17. The Court underscored the principle that the Arbitrator should not willy nilly interfere with the employer’s sanction just because she herself would have imposed a different sanction. It is only in circumstances that shock one’s sense of fairness that Courts or Arbitrators can interfere. The distinction that can be drawn between the case before us and the Formosa case is that in the latter the Arbitrator was requested to make a determination on the fairness of the sanction of a dismissal in the employee’s circumstances. However, in the case before us, this was not the case. The story would have been different if the 1st respondent had referred to the DDPR a complaint that the penalty imposed was too harsh, the learned Arbitrator would then pronounce himself having heard the parties. The Formosa decision echoed this Court’s decision in TZICC v DDPR & Another LC/REV/125/06 (Lesotholii) in which the Court had implored Arbitrators to be careful and not substitute themselves for disciplinary panels.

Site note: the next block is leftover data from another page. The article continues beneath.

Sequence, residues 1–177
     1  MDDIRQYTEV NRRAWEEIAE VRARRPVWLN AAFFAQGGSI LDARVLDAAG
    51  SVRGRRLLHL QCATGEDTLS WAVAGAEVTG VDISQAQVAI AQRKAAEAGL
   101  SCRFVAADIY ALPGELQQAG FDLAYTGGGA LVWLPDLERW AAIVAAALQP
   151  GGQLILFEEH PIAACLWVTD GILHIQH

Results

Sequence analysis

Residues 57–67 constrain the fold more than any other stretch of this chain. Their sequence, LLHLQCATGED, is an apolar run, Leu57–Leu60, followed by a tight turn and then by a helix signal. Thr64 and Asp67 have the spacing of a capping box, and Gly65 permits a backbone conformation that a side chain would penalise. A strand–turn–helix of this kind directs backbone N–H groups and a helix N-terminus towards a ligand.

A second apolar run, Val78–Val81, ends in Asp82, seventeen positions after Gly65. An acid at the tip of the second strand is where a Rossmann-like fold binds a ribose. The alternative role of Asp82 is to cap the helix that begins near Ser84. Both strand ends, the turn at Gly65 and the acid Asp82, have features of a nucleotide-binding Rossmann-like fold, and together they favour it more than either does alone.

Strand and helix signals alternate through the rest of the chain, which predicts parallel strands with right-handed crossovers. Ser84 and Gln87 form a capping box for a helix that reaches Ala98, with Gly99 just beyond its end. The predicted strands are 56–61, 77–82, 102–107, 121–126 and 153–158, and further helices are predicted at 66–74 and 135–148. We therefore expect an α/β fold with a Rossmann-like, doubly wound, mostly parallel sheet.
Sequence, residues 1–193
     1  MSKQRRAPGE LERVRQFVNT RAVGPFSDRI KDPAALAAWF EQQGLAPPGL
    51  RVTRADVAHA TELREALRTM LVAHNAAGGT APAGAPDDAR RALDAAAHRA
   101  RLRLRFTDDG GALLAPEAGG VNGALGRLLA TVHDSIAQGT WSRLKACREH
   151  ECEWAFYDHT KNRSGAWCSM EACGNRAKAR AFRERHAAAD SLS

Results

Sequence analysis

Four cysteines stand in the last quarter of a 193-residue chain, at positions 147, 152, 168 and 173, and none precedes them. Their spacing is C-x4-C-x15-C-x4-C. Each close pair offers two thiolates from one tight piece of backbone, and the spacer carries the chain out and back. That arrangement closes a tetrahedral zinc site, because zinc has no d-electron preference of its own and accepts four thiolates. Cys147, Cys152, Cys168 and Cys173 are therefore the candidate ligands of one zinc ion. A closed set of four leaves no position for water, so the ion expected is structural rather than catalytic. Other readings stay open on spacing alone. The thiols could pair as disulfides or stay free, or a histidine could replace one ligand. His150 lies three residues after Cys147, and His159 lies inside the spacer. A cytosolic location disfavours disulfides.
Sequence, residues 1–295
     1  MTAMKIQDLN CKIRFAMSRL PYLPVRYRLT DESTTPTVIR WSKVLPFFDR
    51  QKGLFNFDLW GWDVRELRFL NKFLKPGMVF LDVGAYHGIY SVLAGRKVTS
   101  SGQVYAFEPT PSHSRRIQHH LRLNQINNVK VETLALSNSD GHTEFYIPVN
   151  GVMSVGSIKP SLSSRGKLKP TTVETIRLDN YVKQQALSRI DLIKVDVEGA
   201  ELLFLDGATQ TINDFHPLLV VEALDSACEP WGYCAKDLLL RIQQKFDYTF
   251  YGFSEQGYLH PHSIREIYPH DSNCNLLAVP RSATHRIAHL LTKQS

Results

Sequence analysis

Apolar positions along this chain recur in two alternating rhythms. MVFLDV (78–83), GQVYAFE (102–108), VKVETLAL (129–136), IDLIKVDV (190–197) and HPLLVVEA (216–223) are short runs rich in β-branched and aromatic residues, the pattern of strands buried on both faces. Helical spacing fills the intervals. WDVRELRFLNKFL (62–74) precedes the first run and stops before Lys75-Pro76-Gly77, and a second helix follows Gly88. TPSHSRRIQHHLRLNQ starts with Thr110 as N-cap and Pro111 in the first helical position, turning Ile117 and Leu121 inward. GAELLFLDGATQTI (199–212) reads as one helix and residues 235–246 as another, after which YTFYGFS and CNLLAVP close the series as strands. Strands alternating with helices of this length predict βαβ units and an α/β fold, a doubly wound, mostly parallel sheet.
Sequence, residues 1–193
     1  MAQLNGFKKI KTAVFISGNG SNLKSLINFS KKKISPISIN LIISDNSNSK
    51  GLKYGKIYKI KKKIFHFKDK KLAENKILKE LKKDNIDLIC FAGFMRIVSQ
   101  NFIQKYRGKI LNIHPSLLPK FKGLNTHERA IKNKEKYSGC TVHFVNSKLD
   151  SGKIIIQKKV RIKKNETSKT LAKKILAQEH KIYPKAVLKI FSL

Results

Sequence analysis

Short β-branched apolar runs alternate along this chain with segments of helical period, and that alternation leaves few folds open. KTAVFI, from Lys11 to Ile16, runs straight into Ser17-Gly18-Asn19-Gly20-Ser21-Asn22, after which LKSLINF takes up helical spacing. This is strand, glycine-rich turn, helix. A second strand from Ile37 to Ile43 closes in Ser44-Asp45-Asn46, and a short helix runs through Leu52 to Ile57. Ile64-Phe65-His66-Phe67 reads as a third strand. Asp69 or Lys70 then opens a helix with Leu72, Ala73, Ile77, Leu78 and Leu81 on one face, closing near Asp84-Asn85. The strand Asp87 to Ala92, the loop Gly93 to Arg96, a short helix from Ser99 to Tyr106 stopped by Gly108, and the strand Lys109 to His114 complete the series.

18. The Court therefore comes to the following conclusion that:-
THUS DONE AND DATED AT MASERU THIS 16th DAY OF JUNE, 2014.
PRESIDENT OF THE LABOUR COURT (a.i)
MS P. LEBITSA I CONCUR
MR R. MOTHEPU I CONCUR
FOR THE APPLICANT: MR N.T. NTAOTE - EMPLOYERS` FORUM
FOR THE 1st RESPONDENT: MR L.J. MOLEFI - LESOTHO WHOLESALERS, CATERING & ALLIED WORKERS’ UNION